13 things women shouldn't apologize for
July 26, 2016 at 8:00 pm
As women, we are constantly being asked to apologize. We are asked to make ourselves smaller, less significant, less plain, more beautiful, more subservient, more acceptable, less vocal, more agreeable, less this and more that. If you’re reading this, remember that you don’t have to apologize. There are movements out there solely dedicated to empowering women because some institutional, educational and systemic entities exist solely dedicated to disempowering women. Here are the things you should never apologize for:
Standing up for yourself
What we’ve seen in the media lately is women standing up for themselves against police brutality, and this isn’t the only thing that you don’t have to apologize for standing up for. Advocating for your right to be heard, seen, and treated fairly extends to everyday life — at work, school, or any other time or place where the situation calls for it.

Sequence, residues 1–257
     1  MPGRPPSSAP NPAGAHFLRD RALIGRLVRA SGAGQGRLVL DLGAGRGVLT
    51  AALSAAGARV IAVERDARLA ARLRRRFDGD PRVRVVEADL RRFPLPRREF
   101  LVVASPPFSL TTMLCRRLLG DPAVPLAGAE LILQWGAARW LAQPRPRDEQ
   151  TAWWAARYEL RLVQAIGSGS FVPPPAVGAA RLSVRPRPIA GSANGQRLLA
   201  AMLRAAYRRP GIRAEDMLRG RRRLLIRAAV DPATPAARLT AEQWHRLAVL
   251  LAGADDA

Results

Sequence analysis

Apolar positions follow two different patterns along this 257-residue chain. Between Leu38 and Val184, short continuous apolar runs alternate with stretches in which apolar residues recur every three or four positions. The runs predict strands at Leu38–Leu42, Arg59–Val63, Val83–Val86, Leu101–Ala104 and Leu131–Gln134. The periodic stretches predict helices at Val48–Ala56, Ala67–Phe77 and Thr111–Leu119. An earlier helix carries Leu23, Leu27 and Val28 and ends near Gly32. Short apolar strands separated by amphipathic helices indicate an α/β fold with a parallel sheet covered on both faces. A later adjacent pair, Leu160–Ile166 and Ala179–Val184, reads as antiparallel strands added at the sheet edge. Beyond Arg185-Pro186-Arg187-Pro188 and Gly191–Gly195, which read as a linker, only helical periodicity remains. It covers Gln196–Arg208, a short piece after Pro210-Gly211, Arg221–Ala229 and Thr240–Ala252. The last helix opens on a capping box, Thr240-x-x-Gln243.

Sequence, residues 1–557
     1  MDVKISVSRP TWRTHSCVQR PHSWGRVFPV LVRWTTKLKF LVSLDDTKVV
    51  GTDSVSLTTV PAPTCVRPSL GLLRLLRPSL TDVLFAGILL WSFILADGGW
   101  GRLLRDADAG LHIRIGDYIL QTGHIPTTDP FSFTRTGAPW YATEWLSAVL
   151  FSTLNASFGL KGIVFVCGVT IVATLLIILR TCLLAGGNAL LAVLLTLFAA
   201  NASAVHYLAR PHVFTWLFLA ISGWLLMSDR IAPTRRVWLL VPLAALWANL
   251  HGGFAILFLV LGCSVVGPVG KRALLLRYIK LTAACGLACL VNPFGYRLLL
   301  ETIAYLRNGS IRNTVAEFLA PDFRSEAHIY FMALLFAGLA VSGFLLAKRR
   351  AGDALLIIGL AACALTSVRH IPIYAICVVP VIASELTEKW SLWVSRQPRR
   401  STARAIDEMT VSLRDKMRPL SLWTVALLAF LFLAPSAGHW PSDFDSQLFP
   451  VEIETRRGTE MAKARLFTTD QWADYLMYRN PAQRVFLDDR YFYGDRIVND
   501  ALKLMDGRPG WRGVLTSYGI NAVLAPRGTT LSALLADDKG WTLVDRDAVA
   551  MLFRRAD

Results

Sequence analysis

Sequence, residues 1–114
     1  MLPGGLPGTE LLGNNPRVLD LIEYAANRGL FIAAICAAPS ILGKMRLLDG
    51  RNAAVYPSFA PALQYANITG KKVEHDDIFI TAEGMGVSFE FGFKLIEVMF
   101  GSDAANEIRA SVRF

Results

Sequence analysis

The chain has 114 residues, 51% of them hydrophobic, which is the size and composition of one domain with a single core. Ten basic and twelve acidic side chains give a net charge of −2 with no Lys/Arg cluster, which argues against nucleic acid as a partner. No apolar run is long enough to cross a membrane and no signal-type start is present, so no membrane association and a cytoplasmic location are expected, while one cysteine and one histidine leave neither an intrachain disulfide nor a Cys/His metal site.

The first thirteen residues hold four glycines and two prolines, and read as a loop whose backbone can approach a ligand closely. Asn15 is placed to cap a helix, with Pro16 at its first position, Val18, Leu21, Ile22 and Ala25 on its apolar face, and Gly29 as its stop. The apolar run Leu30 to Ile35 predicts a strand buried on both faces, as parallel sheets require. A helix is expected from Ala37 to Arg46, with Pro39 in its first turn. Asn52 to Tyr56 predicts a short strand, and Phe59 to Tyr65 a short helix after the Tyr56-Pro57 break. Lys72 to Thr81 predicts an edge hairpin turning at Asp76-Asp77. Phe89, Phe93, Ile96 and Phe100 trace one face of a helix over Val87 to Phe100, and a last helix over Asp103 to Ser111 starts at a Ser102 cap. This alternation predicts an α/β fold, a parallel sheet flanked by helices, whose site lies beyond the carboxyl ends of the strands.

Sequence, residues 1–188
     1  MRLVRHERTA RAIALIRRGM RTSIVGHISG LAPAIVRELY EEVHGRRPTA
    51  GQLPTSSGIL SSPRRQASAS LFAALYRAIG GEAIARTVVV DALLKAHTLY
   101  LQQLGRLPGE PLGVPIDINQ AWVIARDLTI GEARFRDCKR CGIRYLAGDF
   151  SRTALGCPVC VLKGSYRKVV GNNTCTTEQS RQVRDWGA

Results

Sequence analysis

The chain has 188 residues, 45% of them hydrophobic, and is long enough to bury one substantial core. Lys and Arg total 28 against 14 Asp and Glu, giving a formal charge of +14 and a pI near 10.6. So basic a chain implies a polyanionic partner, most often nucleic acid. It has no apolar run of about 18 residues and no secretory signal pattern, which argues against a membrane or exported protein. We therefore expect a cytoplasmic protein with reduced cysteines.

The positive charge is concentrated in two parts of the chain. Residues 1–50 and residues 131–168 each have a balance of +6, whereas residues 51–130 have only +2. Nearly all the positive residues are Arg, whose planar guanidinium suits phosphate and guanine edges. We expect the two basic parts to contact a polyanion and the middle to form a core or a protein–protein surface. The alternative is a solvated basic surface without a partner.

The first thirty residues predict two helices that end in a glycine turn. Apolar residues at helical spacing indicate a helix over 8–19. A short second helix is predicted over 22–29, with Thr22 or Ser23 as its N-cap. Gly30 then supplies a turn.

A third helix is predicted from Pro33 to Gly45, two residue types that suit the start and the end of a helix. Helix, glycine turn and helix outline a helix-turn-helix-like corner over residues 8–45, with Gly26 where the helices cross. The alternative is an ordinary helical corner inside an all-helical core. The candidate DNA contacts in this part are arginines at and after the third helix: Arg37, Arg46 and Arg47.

Calling out the ‘isms’
Vocally combating racism, sexism, classism, ageism and any of the other ‘isms,’ is often looked at with disdain. As much as the world will try to police our bodies, they will certainly attempt to police our words. Words have power, and as Fredrick Douglass said, “power concedes nothing without a demand. It never did and never will.” Don’t apologize for speaking up!
Showing up for your sister
Sisterhood is so important every single day. It’s easy to let pettiness diminish our alliances with each other, and true, authentic, consistent sisterhood is work that’s well worth it. We have to show up for each other, celebrating each other’s brilliance and triumph. And we must do so without pause or apology.
Calling out your sister